From employment law to compensation and benefits, FMLA and hiring and firing and more, Business Management Daily provides comprehensive Human Resources updates.
Discover how your colleagues – and competitors – are dealing with discrimination and harassment, employment law, benefits programs, and more.
Q. Because our office is in a residential area, mail isn’t delivered until the late afternoon. One of our secretaries volunteered to pick up the mail at the post office on her way to work every day. It’s not too far out of the way, but it does change her regular route to work. Are we required to reimburse her for the additional time, as well as mileage?
Researchers at Realized Worth, which helps companies engage employees in volunteer work, say Millennials seek jobs that offer them good salaries, flexibility, meaningful work and a chance to contribute to society. Here’s what they want.
The Department of Veterans Affairs has a new Web portal designed to connect veterans and service members with employers, and to help translate military skills into the civilian workforce.
Until now, employers covered by the FLSA faced potential double liability under the North Carolina Wage and Hour Act over unpaid overtime for workers misclassified as exempt. A recent decision makes clear that the federal FLSA takes precedence.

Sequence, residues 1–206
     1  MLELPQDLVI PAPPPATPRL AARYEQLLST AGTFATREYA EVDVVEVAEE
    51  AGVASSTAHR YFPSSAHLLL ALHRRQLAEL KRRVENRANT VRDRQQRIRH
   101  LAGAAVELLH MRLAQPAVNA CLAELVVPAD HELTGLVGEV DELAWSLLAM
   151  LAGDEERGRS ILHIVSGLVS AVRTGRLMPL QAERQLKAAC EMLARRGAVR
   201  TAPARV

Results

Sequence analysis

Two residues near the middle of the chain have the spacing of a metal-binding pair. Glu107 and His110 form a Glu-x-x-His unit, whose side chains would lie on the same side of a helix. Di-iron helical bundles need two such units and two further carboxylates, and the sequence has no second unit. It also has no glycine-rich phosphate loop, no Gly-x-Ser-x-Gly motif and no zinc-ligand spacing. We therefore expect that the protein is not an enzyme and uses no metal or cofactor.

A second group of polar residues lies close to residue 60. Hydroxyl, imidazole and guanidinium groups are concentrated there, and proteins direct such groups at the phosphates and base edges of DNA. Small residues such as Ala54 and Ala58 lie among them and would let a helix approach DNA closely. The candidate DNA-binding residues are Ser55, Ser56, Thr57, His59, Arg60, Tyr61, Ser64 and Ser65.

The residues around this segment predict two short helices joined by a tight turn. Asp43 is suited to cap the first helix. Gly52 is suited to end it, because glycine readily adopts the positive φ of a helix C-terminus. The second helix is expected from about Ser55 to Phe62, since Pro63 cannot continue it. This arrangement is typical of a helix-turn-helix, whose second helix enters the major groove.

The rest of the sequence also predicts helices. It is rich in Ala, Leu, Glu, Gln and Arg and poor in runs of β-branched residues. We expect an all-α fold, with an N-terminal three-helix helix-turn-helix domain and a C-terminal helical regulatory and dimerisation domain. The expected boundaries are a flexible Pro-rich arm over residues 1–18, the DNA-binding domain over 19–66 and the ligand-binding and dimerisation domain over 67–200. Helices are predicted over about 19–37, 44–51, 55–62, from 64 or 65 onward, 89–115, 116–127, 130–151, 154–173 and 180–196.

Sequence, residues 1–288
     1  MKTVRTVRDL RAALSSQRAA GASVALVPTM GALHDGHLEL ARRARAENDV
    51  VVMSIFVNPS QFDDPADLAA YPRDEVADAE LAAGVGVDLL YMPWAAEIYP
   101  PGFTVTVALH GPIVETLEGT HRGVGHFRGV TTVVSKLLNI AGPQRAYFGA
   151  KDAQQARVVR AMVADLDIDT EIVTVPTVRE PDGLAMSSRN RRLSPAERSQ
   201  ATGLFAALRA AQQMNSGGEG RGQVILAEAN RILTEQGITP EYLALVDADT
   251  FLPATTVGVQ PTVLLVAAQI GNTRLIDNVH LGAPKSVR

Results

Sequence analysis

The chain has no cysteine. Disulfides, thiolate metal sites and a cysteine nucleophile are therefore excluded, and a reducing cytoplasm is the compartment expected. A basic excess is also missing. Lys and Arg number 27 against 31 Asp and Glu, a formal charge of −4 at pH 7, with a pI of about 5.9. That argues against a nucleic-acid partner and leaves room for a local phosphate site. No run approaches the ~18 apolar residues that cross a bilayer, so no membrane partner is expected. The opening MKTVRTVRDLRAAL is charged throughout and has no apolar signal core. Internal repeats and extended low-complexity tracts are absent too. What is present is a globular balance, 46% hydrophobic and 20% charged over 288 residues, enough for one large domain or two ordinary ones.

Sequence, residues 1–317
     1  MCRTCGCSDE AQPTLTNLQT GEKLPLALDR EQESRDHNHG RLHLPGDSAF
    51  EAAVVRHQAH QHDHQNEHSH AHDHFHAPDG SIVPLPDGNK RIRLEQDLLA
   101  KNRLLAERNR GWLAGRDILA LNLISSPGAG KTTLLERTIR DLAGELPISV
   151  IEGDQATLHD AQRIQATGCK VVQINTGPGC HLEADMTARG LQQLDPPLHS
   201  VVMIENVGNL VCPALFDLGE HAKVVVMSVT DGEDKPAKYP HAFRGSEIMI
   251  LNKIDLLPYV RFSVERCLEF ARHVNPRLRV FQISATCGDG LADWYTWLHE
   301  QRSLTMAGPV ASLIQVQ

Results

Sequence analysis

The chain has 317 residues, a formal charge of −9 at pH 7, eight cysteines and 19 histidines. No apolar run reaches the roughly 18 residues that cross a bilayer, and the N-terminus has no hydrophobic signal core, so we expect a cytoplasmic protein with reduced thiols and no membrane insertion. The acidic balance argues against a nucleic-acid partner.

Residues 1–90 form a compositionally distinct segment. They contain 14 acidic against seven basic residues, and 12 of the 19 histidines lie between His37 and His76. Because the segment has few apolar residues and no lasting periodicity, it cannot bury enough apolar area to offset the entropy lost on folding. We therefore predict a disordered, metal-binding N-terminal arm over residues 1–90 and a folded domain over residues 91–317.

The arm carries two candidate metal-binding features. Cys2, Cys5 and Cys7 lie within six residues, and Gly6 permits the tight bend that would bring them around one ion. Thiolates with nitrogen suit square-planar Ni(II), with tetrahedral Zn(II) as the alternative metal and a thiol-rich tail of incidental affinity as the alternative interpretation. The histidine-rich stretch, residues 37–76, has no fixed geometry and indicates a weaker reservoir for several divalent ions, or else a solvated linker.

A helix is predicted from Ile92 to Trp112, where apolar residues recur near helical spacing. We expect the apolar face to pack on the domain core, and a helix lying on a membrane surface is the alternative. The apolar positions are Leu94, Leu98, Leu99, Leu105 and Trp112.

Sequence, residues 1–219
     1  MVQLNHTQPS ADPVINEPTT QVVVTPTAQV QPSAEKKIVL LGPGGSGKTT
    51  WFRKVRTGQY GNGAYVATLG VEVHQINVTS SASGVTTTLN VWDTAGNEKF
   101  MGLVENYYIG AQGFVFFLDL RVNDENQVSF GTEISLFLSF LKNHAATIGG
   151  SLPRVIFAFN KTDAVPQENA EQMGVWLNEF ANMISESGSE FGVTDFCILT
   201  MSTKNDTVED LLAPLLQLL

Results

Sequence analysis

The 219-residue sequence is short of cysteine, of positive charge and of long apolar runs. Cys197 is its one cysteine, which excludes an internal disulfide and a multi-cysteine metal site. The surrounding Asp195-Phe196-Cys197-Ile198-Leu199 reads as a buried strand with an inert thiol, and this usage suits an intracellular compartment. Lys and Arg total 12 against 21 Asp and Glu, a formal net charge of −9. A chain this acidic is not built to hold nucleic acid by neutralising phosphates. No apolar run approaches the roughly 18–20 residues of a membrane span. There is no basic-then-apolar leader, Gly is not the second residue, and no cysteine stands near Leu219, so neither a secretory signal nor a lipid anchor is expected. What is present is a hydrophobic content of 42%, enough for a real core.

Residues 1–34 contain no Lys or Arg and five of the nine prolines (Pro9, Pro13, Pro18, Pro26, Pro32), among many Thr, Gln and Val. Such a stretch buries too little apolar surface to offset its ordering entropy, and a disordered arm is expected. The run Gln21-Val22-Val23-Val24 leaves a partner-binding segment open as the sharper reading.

If you sometimes need temporary help, you probably turn to companies that hire and manage day laborers. Keep the relationship strictly professional to avoid potential liability as an employer. Instruct supervisors to defer any questions on pay, hours and potential hiring to the temp agency and remind them not to promise anything.
Recently, lawyers representing former employees have been pushing the envelope in thinking of new ways to make employers pay big bucks. Fortunately, courts aren’t accepting some novel arguments, like the one in the following case.
Test your knowledge of recent trends in employment law, comp & benefits and other HR issues with our monthly mini-quiz.
When an employee complains about sexual harassment, how you handle it makes a big difference. If you ignore the complaint—or worse, blame the victim and punish her—you’re risking a laundry list of claims under federal and state laws.
Want to know what really makes an applicant tick? Try asking something outside the norm.
If you don’t terminate an employee for an obvious firing offense but later use that reason to justify a discharge, you’d better have a good explanation for the delay. Otherwise, a jury may see the move as a pretext for some form of discrimination.